The Government of India (GoI) has embarked upon an ambitious plan of developing about 2,600 new-generation Future Infantry Combat Vehicles (FICVs) to replace the currently ageing fleet of the Indian Army.
The defence ministry has mandated that only Indian companies will be eligible for this deal and has shortlisted four companies that will be eligible for this bid. The shortlisted companies are Tata Motors, the Mahindra Group, L&T and the Ordnance Factory Board (OFB). This would mean that three private companies and one public company are in the fray for the deal.
Infantry Combat Vehicles (ICVs) look similar to small tanks and can carry about 7-8 people on board. They are lightly armoured and highly mobile vehicles which can travel deep into the army territory. The FICV to be developed for the GoI must be bullet-proof, amphibious and transportable by air. Also, the FICV should have atleast 50% indigenous content.
The defence ministry is soliciting an Expression of Interest (EoI) from each of the four companies in which the companies will detail their plan about developing the FICV, the technologies that they intend to use, the timeline involved and the estimated capital expenditure on the project. The companies are also expected to state a minimum order quantity which will make the project viable.
After careful evaluation of the EoIs, two contractors will be selected to develop the FICV prototypes. The FICV prototype which gives better field results will be finally chosen. The company finally selected will be allocated 65-70% of the order whereas the other contractor will get the remainder of the order.
The cost of the project will not be borne by the MoD alone. The MoD will fund about 80% of the total cost while the contractor will fund the remaining 20%.
It is believed that the Ordnance Factory at Medak might be utilised for making the FICVs since building a new facility for the same purpose would be a waste of resources. The FICVs should be ready for use by 2018.
Be it brand endorsements, launch parties, special appearances or stage performances, being a celebrity in India means big money. The ever increasing influence of celebrities on consumer choice and a growing demand for their presence at events across the country has translated into an entirely new business area of celebrity management. Although still in its infancy in India, it is garnering huge interest and has resulted in the emergence and establishment of numerous celebrity management firms in the recent past. The corporate big wigs realize that they live in an era of cut throat marketing and celebrity associations are simply essential for market presence.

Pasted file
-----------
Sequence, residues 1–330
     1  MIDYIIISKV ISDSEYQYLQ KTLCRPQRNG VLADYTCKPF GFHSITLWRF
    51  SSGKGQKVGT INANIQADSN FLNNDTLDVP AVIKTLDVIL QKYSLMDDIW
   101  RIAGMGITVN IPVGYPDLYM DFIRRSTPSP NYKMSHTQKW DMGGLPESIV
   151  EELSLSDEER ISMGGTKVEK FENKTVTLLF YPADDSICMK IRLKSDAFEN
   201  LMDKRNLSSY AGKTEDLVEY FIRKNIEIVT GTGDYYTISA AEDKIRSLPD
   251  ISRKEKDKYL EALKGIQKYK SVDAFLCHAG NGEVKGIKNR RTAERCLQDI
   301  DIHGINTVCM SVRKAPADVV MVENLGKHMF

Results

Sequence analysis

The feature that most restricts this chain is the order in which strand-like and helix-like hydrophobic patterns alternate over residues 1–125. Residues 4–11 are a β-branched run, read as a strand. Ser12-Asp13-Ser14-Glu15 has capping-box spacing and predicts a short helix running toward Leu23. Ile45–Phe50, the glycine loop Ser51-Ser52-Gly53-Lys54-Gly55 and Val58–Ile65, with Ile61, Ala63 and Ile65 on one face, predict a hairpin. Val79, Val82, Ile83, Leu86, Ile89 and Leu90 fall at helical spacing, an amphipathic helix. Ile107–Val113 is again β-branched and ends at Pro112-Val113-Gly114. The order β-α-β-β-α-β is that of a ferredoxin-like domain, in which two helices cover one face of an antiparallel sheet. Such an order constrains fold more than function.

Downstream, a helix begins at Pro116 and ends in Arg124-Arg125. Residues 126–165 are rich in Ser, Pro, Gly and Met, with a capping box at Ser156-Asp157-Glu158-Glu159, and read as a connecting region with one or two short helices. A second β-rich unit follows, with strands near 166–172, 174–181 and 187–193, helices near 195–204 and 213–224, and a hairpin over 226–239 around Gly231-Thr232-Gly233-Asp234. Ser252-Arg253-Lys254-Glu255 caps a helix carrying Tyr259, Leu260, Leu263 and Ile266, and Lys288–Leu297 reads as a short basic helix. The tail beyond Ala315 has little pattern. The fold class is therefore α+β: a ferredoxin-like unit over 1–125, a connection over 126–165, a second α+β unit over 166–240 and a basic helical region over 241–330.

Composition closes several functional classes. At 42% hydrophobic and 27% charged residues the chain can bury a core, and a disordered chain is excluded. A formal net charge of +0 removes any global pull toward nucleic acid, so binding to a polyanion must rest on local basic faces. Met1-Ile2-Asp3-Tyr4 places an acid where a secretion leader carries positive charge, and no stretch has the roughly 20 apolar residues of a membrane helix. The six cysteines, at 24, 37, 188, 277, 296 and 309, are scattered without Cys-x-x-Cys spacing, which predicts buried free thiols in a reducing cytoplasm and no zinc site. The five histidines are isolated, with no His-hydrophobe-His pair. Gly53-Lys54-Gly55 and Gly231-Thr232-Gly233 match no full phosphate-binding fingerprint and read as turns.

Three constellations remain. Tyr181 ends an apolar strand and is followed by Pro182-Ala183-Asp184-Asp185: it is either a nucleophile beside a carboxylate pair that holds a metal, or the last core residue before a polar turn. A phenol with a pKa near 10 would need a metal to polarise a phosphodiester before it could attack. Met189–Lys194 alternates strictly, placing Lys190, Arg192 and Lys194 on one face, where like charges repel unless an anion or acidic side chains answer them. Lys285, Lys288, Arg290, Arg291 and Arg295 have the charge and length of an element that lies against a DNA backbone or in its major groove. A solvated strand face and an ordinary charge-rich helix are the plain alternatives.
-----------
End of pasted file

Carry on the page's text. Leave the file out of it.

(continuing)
Celebrity management firms have traditionally acted like brokerages, but a paradigm shift is in process as they turn professional and replace madness with method. Virtually anyone with strong contacts can setup shop. A lot of veterans still perceive “Celebrity management to be more of an art and much less of science”, but the science is emerging with companies like Percept and Celebtrack who systemically focus on research and their roles as consultants rather than just being gatekeepers for celebrities.
Celebrity endorsers can be classified into three major categories. The first set consists of celebrities who follow the gold mantra and will endorse any brand as long as the price appeals to them (Shahrukh Khan, Amitabh Bachchan etc.). The job of managing them is essentially cutting the deal and negotiating rates. Concepts like brand fit hardly exist and only hard cash matters. The second set comprises of stars who position their image in the market and associate with a brand only when they think that it suits them. The third set is of celebrities who are smaller in stature and are interchangeable. They come relatively cheap and rarely have preferences. The third set of celebrities is the one that will be most attractive for firms in the industry. This category witnesses frequent deals and does not depend hugely on celebrity preferences.
The industry is still trying to find its feet and recent events like IPL have turned the game into a gold rush for the companies involved. Recent deals between Madison Mates and John Abraham, Priyanka Chopra and Krossover are signs of aggression and competition in the industry. It is a mix of glamour and professionalism as good as it can get. The numbers speak and nine digit figures are common. Experts believe that the industry is well on its way to become worth more than INR 10 billion in the near future. Ample opportunities, low entry barriers and lucrative economic benefits continue to boost growth and interest. It still remains to be seen whether all of this can actually induce some so called “management” and change anything about the tantrums and craziness that is generally associated with celebrities in India.